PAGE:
Finally, a reader has attempted to provide a biblical basis for the apostolic-prophetic movement, per my request in my post Sept. 27.
Here was my original question:
“Where, in the Bible, is there any concept of an end-times army of Christians — led by apostles (with great authority) and prophets (with new revelation) — that will subdue God’s enemies and establish His kingdom on earth?”
Under the comments, one poster said:
My guess is that event that you speak of is based on the following verses:
Jude 1:14-15  Now Enoch, the seventh from Adam, prophesied about these men also, saying, “Behold, the Lord comes with ten thousands of His saints,  to execute judgment on all, to convict all who are ungodly among them of all their ungodly deeds which they have committed in an ungodly way, and of all the harsh things which ungodly sinners have spoken against Him.”
While I appreciate this poster’s desire to provide a biblical basis for the movement, I don’t see how he got the apostolic-prophetic movement from this passage. The context of this passage — and the entire book of Jude — is a warning to Christians about false teachers who had slipped into the church. Jude was urging Christians to contend for the faith that had already been revealed — not to embrace the new teachings of these false teachers. Verses 14 and 15 speak of the false teachers’ coming judgment, by Jesus together with his “holy ones.” Some commentators have suggested that the “holy ones” are angels, and others have suggested that they are Christians. Read Jude here.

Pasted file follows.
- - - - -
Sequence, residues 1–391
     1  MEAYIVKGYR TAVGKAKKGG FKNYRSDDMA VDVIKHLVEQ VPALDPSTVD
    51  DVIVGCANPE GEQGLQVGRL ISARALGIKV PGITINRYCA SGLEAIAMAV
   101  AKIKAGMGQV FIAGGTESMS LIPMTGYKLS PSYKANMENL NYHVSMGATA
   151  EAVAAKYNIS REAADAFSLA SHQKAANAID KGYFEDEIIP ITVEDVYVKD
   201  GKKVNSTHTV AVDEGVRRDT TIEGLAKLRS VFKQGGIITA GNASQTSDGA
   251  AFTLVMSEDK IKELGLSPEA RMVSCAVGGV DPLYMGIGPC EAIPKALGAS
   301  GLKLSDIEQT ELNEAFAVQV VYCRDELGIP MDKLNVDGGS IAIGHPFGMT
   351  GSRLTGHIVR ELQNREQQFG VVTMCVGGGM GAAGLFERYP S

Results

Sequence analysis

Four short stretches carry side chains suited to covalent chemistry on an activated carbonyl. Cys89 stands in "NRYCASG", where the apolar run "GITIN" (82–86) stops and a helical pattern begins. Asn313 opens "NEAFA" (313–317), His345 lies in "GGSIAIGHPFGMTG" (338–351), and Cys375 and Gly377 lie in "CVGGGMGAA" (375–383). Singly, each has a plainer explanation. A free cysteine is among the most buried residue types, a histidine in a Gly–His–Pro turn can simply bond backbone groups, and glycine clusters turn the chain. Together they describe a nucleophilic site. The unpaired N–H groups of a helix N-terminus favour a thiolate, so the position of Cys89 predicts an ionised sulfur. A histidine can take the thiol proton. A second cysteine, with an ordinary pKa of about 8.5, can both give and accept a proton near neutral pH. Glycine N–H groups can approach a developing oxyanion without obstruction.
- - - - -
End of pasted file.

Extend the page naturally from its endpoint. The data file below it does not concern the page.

Whether the holy ones are angels or saints isn’t the important point here. The important point is that the Jude 1:14-15 passage is referring to Jesus’ judgment at His second coming. It, in no way, supports the apostolic-prophetic movement. Of course, there is Scripture that shows that Christians will have a part in the final judgment (for example, see 1 Corinthians 6:3) — but that’s when Christ returns, not before. Yet, advocates of this movement often define their current roles by quoting passages that speak of Jesus’ second coming and the millennium.
It’s ironic that the book of Jude, which was written to urge Christians to hold to the faith that has already been delivered to the saints, is being used by supporters of the apostolic-prophetic movement to promote new teachings and new revelation — the very thing the book was warning about.